If you happen to be a 6′9″ inch German man named Florian Maria Georg Christian Graf Henckel von Donnersmarck, it’s not surprising that you would be comfortable with an oversized movie that plays longer than Gone With the Wind. At over 3 hrs, the film needs editing and shortening but if you cut it to 2 1/2 hrs., you’d have a minor masterpiece. Even in its present frame, it’s a powerful and moving experience merging World War II with post-war communist Germany seen through the filter of a budding artist searching for his authentic and singular form of expression.
It begins with a visit to the Degenerate Art Exhibition organized by the Nazis against Jewish artists and others who defied classical standards. A beautiful young woman accompanies her very young nephew who loves to draw and we quickly learn of her quirkiness and his talent - two themes that are harbingers of his and her life stories. Hitler’s arm rapidly extends from art to disabled and mentally deficient people and the lovely but erratic Elisabeth is first hospitalized until more drastic measures are taken. As the young boy, Kurt, grows up, we see the further damage that Nazi control wreaks on his family, but he remains dedicated to becoming an artist and enrolls in a school in Dusseldorf where he is exposed to all the trendy aspects of the art world in the 60’s and 70’s, trying desperately to determine how he can contribute something original to a very crowded and chaotic scene.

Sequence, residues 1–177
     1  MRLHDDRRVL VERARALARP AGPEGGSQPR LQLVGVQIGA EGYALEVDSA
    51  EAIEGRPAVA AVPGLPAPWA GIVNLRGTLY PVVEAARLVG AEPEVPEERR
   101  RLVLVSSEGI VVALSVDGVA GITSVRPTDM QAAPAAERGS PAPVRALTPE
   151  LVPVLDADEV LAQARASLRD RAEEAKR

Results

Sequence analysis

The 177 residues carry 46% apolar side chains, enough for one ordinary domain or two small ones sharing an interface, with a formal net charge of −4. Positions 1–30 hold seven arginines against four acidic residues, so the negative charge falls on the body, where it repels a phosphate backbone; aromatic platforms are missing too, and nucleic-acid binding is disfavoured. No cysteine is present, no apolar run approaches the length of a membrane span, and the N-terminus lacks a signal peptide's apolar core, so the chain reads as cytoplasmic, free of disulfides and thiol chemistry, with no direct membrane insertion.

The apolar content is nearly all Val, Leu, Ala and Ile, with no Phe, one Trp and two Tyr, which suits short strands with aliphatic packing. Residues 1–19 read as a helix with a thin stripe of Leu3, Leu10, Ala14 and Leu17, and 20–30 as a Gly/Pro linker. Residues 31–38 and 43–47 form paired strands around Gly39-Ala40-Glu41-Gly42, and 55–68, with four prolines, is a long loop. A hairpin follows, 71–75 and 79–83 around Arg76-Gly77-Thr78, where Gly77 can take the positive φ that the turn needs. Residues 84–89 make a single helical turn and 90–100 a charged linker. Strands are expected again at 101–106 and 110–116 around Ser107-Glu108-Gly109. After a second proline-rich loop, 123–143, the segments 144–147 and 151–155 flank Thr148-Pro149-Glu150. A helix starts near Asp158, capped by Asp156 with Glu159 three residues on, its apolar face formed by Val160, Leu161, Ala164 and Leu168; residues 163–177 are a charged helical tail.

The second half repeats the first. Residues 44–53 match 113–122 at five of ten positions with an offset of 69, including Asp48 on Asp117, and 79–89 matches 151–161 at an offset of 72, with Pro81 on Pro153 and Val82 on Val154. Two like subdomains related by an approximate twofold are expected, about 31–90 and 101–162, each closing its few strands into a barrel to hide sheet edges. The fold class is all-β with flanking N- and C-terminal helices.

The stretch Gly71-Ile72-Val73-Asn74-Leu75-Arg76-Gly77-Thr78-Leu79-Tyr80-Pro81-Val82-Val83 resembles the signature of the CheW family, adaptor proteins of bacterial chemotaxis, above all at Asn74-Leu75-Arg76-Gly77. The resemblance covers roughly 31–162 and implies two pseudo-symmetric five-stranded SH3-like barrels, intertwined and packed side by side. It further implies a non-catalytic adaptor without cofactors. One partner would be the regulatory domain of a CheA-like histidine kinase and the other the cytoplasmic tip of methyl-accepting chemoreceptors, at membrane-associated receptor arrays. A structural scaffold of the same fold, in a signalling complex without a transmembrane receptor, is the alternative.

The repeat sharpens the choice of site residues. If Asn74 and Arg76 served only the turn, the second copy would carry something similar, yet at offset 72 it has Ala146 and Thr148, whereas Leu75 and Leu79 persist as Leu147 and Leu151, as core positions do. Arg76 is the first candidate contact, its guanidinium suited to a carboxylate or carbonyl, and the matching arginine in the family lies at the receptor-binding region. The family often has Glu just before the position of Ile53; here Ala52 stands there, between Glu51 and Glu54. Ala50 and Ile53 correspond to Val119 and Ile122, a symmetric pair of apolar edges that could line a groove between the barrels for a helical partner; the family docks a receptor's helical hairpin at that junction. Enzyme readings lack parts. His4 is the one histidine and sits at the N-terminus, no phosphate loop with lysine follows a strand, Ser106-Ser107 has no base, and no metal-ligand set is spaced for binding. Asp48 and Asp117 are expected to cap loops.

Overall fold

The movie is a passionate love story between Kurt and Elisabeth, a fashion student he meets at school Her father is a noted doctor selected to be the head of a hospital that sterilizes and euthanizes imperfect people condemned by Hitler to be removed from the German gene pool. This is an important plot point in addition to a powerful reminder of the extent of Hitler’s massacres of the innocent The cinematography, soundtrack, casting, artistry and blending of history with character development make Never Look Away a particularly important film in a year that has had a dearth of any films with this panoramic sweep. The specific blending of the art world with contemporary historic events is another subject not often explored in film. Although the noted artist Gerhard Richter is thanked in the credits, he has disputed the attribution of this film to his personal biography but either way, the exploration of how an artist finds his “truth” is meaningful and dramatic. The ending provides a sensitive capture of the artist’s past coming back not only to haunt him but to inspire and inflame his talent and moral indignation. Never Look Away is one of the best films of the year and nominated for an Oscar in the foreign film category. DON’T MISS IT!!
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